All posts by Lucy Ingham

Historic Seasteading agreement to see floating city built in French Polynesia

A landmark agreement has been signed between the government of French Polynesia and the Seasteading Institute that lays the foundations for the establishment of a floating city in the country’s waters.

Signed on Friday, 13th January, the agreement will see the government and non-profit cooperate to develop a legal framework for what they are now calling The Floating Island Project.

Although located within the territorial waters of French Polynesia, the floating island will have its own governing framework and economic regulations, allowing it to attract businesses with offers of low – if any – taxation and little red tape.

However, it should also offer significant benefits to the nation, by not only bringing jobs and preventing a brain drain on the archipelagos, but also offering resilience to rising sea levels associated with climate change.

“Our seasteading collaboration with French Polynesia was initiated by the Tahitians themselves and will bring jobs, economic growth, and environmental resiliency to the region,” explained Randolph Hencken, executive director of the Seasteading Institute.

“Signing the memorandum of understanding with French Polynesia is an important first step, and a huge milestone for seasteading.”

Images courtesy of The Seasteading Institute

The agreement is a vital step in what has already been a long journey towards the development of such a floating city. Back in September, a delegation from the Seasteading Institute examined multiple sites around French Polynesia, as well as meeting with several of the nation’s senior ministers.

Now a memorandum of understanding (MOU) has been signed, the next steps will be to complete and extensive environmental assessments of the ocean and seabed, as well as the completion of an economic analysis by the Seasteading Institute to demonstrate the financial benefits to the nation.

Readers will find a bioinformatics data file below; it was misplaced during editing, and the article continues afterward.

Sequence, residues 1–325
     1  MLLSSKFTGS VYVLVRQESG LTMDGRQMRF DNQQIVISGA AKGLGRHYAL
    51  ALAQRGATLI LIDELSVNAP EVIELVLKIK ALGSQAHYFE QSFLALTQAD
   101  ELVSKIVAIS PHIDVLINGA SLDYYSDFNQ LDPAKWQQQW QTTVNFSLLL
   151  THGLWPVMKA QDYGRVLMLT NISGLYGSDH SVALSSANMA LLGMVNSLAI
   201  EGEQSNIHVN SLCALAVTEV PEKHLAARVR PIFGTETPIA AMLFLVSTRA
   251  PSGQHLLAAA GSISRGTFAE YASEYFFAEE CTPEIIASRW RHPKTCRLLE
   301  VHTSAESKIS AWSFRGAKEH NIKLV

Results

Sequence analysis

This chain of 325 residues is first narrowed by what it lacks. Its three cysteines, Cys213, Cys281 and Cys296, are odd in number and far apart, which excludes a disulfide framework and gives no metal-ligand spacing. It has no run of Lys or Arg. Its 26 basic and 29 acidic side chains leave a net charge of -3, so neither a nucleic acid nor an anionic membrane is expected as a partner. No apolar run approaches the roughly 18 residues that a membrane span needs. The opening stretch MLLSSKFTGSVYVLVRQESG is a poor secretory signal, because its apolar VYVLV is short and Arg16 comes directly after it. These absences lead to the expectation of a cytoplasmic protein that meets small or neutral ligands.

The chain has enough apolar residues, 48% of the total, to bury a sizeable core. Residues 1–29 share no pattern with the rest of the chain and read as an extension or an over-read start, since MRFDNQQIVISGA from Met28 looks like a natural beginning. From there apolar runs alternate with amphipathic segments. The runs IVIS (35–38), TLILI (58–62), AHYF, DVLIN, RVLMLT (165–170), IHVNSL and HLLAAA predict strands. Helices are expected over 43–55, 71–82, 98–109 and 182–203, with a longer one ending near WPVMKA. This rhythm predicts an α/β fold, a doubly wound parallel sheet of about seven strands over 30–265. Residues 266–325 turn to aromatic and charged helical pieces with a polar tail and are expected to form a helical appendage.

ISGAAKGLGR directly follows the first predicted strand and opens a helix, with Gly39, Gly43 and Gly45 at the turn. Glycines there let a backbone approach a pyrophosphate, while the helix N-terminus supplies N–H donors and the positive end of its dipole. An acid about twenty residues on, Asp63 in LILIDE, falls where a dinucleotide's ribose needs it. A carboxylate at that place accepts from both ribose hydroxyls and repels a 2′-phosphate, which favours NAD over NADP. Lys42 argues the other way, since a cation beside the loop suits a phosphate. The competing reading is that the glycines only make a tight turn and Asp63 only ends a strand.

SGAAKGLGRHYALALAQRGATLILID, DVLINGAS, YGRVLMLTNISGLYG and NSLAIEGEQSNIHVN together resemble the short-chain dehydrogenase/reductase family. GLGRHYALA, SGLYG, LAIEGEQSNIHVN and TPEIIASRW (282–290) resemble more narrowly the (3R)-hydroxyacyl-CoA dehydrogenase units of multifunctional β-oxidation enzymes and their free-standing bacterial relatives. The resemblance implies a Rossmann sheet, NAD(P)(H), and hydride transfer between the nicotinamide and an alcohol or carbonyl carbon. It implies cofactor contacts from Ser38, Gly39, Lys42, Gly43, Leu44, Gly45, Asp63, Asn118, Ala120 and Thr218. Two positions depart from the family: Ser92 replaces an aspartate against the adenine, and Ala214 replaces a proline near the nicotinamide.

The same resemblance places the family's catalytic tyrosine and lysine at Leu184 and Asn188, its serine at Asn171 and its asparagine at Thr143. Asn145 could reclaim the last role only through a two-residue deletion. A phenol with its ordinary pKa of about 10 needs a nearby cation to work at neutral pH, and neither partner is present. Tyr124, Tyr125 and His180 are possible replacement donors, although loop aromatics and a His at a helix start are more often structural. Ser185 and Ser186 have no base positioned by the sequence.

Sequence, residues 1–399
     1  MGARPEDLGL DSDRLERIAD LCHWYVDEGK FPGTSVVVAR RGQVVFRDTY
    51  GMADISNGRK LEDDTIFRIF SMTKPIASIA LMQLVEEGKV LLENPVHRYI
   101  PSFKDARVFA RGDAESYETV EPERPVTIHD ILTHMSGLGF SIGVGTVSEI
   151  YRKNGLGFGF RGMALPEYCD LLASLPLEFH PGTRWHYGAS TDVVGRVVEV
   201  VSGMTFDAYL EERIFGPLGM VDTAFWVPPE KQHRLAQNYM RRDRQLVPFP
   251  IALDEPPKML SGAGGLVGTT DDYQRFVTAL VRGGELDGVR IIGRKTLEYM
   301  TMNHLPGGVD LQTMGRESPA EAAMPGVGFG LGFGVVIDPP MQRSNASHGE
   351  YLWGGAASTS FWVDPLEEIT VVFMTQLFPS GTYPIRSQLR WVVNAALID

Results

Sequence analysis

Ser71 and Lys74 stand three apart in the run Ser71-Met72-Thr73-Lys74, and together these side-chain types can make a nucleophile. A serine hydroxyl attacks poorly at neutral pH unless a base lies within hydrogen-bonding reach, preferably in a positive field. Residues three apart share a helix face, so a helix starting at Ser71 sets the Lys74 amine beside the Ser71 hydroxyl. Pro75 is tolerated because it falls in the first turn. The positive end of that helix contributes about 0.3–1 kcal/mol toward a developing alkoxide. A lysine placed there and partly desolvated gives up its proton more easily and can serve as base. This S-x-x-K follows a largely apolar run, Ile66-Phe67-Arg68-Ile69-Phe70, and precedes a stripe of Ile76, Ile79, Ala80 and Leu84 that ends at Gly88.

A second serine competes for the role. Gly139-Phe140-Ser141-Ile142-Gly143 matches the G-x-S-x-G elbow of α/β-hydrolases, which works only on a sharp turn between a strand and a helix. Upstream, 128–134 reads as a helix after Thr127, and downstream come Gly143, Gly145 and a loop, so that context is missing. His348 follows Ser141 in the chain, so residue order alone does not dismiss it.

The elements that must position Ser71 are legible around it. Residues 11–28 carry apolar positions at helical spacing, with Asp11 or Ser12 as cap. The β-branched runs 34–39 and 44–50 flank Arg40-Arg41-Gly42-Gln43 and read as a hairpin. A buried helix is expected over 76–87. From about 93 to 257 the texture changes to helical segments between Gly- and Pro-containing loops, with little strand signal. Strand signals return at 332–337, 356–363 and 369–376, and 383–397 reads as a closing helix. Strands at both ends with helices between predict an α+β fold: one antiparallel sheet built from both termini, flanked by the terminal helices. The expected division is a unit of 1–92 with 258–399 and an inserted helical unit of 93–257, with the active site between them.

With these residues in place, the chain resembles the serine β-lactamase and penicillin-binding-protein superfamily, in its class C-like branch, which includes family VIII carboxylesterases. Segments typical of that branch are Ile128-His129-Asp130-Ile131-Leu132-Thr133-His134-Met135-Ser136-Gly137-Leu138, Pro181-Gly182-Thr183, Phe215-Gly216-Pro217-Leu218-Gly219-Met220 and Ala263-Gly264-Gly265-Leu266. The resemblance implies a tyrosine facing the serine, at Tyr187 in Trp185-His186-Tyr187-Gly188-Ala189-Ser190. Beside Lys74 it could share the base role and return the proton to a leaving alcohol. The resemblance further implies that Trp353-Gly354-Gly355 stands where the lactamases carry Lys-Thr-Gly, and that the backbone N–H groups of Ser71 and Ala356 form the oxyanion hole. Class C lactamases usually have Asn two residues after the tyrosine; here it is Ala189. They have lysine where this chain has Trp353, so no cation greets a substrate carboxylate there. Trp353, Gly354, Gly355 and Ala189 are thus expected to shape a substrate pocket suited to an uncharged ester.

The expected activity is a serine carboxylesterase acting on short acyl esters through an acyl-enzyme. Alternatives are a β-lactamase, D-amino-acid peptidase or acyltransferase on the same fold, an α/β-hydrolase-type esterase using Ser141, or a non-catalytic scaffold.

“The Seasteading Institute and the government of French Polynesia will draw from the best practices of more than 4,000 existing Special Economic Zones around the world to create a ‘Special Economic SeaZone,’” added Hencken.

“The SeaZone will combine the advantages of French Polynesia’s geopolitical location with unique regulatory opportunities specifically designed to attract businesses and investors.”

When construction finally begins on the floating islands, it will be funded by investors in the Seasteading Institute, with a total anticipated cost somewhere between $10m and $50m. The floating platforms that will house the city have already been designed by Dutch engineering firm Blue21, meaning the focus now is on making the concept work for the area.

The organisation plans for many businesses on the floating island to be areas of clean-tech, meaning there are likely to be numerous skilled jobs available to the people of French Polynesia.

“We need to create new clean-tech and blue economy jobs for our youth, and this project has the potential to be a real game-changer locally,” said Marc Collins, former Minister of Tourism for French Polynesia. “This project could help us retain our bright minds, who would otherwise emigrate for work.”

However, with many of the country’s islands under threat from rising sea levels, the project also could provide a long-term survival solution for the nation.

“Polynesian culture has a long history of seafaring across the Pacific Ocean that will contribute to this ambitious project. More than most nations, our islands are impacted by rising sea levels, and resilient floating islands could be one tangible solution for us to maintain our populations anchored to their islands,” added Collins.